WhiteGiant

Maximum Pace
Nov 4, 2006
1,192
240
93
Kita-Ueno
#4
Ride...

I'll use the sidewalk if it's wide enough, but generally I opt to ride on the road.
Paulb makes a good point about those tunnels with posts in the middle that stop cars from using the other lane - They are actually a real nuisance, especially when the vehicles behind you are extra wide, such as trucks and tour buses.

The only other tip I would add, is to "stop & wait outside the tunnel until the wave of cars has passed". You might have to wait for 10 or more cars to go ahead of you, but then, with any luck, you'll get a decent break in traffic - Once you have that break, sprint for all your worth, and if the tunnel is not overly long, you can usually beat any cars to the other end. Unfortunately, this doesn't work for really long tunnels.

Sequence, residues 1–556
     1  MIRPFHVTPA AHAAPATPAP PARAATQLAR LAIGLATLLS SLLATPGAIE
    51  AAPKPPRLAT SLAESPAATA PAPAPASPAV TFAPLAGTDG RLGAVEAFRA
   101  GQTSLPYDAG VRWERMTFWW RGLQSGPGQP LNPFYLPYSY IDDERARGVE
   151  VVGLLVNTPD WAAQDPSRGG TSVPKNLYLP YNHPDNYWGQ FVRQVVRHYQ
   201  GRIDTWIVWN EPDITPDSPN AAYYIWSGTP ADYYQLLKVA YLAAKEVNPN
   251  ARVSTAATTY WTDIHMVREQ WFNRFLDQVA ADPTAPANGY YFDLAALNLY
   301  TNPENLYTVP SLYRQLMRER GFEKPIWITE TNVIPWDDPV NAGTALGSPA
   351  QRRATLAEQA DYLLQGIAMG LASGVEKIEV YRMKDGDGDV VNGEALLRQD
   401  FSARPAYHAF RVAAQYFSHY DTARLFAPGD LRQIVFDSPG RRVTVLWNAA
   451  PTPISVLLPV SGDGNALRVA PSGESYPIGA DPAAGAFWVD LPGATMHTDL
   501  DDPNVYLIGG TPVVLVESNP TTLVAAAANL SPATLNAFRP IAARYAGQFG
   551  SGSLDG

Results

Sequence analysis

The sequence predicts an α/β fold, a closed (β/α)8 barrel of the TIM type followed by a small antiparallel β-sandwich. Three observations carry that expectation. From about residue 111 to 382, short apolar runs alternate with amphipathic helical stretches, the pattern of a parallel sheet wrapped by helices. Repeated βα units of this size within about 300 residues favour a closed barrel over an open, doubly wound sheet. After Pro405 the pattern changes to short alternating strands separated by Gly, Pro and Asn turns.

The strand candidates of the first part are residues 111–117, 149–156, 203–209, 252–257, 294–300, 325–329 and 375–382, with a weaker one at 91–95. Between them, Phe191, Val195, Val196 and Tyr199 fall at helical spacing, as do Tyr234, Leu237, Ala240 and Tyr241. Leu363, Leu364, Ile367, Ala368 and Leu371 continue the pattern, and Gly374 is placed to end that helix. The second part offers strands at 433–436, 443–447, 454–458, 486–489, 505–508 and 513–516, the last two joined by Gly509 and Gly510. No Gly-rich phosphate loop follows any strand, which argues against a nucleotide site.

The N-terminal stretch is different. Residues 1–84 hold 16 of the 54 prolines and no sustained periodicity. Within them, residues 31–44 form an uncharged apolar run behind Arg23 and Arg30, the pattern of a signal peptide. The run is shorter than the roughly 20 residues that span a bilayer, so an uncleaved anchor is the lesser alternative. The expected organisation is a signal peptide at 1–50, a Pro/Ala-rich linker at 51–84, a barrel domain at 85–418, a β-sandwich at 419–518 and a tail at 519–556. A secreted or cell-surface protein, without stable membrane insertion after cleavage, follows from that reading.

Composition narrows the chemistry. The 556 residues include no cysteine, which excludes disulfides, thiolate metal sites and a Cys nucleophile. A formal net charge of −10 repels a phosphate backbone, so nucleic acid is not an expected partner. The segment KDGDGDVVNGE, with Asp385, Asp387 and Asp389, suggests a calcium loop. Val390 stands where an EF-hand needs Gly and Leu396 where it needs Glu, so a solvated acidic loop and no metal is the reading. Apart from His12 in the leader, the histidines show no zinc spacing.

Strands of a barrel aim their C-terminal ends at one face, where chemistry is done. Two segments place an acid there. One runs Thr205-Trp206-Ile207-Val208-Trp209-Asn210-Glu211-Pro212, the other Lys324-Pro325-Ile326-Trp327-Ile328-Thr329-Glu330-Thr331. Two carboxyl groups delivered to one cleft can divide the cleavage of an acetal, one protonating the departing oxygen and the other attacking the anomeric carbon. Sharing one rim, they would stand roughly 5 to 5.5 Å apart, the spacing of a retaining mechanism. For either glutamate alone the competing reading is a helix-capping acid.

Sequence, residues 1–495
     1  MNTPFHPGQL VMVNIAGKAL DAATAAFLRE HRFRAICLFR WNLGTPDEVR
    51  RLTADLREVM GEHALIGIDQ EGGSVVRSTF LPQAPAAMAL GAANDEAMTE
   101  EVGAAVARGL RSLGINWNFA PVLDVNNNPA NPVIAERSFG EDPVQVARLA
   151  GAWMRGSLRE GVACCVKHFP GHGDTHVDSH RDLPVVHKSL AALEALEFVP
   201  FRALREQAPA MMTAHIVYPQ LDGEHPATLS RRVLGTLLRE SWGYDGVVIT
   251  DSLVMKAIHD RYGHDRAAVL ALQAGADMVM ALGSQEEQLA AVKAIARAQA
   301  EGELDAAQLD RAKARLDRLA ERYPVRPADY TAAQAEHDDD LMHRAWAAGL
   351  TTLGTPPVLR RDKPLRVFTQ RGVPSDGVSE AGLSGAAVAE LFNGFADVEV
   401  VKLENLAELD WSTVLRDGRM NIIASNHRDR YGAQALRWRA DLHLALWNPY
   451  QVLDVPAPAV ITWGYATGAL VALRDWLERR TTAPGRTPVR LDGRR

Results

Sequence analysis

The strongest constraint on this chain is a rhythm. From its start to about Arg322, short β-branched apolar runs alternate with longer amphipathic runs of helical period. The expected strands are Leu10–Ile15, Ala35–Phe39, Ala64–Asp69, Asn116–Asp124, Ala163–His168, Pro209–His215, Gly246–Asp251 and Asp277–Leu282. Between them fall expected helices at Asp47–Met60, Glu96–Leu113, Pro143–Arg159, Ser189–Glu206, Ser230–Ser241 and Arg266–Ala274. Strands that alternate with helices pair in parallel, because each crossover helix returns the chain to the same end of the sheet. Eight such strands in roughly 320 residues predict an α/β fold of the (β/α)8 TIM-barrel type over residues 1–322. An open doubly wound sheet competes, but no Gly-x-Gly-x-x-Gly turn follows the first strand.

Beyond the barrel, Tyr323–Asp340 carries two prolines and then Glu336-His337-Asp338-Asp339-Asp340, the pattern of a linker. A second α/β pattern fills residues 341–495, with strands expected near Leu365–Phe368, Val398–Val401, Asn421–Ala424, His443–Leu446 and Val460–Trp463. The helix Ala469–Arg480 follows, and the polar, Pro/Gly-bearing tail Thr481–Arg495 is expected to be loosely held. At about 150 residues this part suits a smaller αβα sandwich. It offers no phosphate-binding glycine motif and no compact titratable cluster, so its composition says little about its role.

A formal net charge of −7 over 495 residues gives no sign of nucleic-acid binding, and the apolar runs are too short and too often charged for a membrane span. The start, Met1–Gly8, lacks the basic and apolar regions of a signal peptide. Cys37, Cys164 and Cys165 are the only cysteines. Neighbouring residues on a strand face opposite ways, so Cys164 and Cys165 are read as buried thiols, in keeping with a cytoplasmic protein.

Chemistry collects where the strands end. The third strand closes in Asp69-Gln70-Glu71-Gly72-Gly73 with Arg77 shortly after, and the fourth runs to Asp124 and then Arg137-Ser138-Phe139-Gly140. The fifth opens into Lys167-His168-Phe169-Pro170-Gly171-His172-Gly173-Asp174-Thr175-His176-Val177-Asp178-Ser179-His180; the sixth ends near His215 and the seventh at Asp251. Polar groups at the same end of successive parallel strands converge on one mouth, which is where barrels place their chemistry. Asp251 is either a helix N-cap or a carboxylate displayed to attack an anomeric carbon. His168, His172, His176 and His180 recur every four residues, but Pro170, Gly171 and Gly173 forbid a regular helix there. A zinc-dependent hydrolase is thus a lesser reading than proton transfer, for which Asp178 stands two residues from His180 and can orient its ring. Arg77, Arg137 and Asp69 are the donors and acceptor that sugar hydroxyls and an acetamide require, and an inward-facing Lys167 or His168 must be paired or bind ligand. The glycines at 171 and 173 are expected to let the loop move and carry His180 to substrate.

In the end, just hold your line as straight as possible, and trust that the drivers know what they're doing.
 
Dec 17, 2011
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kanazawa
#5
In the end, just hold your line as straight as possible, and trust that the drivers know what they're doing.
Maan, is this scary or what! I think that the last thing the drivers expect to meet in a tunnel is a cyclist..

Tunnels are the only thing I hated in Tokyo, really cramped, usually they would merge in the MIDDLE of the lanes... too stressful and they just outright suck. :mad:
 

FarEast

Maximum Pace
May 25, 2009
5,528
538
193
Yokohama
#6